cat /dev/null > logfiletoempty.log

In Linux, /dev/null, or the null device, is a special file that discards all data written to it but reports that the write operation succeeded. It provides no data to any process that reads from it, yielding EOF immediately. So looking at the above, we’re reading the empty file and then writing it’s ‘contents’ to the specified file (in this case the log file we want to empty). This action overwrites the existing file with blank content, effectively emptying it.

Nice and simple.

Ubuntu Server: How to Move or Copy Files Starting with a Dash (-) Tips, Tricks and Tutorials 16 SEP 2013

ubuntu-torso-in-a-white-topIt’s not often that you do run into this particular problem, but when you do it is a bit of an annoyance – most Ubuntu Server terminal commands (in other words linux commands), in our examples the cp (copy) and mv (move) instructions, can handle files beginning with a dash (-).

Why?

Well obviously because all commands accept parameter switches that are indicated with a dash (-) or double dash (–), meaning that when the command hits a file name staring with a dash, it basically assumes it to be a switch declaration which is obviously very wrong.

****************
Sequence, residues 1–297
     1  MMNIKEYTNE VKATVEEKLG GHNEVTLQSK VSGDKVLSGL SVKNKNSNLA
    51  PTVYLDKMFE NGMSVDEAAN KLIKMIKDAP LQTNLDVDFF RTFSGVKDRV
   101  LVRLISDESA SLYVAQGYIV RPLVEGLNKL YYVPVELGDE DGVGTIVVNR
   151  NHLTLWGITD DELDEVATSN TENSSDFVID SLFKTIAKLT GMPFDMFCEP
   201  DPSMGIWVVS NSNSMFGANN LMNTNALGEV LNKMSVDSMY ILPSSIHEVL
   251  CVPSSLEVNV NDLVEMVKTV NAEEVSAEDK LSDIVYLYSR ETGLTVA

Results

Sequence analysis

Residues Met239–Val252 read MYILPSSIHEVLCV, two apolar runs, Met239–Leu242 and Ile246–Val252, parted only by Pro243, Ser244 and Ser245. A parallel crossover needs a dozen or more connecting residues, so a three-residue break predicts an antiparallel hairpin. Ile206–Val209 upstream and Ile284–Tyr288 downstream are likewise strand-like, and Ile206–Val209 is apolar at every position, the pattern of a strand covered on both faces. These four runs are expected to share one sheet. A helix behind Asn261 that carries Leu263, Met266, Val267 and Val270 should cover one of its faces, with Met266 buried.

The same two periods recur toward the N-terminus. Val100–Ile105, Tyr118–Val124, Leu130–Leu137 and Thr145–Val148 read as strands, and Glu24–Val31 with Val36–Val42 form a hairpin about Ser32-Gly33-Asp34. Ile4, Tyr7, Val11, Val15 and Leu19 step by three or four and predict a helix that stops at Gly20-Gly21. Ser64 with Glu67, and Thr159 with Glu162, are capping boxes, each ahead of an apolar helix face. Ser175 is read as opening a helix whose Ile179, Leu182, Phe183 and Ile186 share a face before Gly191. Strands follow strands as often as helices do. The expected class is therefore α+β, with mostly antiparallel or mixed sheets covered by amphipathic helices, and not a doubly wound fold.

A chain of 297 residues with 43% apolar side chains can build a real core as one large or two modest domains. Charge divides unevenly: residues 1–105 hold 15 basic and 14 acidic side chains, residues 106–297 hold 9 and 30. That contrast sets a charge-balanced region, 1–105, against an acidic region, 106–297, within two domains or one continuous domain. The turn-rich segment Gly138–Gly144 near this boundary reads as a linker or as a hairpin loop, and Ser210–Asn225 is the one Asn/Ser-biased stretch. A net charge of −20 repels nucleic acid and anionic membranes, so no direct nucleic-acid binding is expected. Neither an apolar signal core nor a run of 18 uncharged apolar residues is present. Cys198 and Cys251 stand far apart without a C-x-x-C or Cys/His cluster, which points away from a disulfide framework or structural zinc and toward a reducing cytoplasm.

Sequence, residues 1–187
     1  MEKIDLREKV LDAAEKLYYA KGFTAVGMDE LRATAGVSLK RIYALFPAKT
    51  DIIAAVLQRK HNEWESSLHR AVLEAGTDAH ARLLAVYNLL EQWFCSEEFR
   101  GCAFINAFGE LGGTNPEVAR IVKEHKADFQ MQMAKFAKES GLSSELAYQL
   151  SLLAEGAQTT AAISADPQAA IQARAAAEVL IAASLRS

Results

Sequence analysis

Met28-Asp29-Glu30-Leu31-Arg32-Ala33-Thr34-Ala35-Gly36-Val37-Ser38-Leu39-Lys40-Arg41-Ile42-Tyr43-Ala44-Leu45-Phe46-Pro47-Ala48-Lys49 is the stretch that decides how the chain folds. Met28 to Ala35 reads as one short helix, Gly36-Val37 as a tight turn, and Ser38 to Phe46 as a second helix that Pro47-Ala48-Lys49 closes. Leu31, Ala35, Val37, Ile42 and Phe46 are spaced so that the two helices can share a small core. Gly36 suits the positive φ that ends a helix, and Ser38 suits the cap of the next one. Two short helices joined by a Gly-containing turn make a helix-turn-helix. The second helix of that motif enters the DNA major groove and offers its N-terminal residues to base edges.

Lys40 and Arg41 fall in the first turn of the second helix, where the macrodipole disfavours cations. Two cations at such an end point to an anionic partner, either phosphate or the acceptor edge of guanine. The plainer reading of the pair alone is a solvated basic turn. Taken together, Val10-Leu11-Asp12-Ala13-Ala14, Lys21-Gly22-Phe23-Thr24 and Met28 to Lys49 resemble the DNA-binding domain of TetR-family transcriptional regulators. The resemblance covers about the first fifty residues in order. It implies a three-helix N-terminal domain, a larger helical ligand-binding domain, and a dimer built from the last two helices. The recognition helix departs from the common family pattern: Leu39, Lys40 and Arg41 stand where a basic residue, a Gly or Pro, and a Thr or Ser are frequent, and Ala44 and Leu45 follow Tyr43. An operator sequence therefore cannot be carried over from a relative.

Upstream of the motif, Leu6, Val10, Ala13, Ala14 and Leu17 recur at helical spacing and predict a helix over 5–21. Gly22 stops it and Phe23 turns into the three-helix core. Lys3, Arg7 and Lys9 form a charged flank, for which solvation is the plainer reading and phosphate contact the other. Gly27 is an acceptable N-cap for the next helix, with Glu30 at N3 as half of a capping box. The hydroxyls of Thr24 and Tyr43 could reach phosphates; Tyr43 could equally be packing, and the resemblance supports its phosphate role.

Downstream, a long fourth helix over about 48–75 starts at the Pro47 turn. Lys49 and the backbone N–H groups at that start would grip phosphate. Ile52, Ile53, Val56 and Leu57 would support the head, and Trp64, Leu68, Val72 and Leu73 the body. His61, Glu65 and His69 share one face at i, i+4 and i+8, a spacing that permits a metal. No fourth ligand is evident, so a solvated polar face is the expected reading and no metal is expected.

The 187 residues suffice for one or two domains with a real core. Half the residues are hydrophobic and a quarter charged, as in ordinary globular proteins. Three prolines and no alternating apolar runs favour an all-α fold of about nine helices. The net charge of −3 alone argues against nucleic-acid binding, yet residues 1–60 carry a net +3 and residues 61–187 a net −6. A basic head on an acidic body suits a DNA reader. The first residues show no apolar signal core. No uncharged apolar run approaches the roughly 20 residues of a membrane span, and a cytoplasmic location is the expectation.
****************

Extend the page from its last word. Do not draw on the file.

Luckily for us, even though it isn’t immediately all that apparent, there is a simple way to get around this and allow for the moving or copying of files starting with a dash – basically we delimit the file options by essentially instructing the application that we’ve finished including our switches.

We do this by placing a double dash (–) after the last lot of switches which tells the mv or cp command that what follows are filenames, thus allowing them to happily work on everything coming in next.

Useful to know.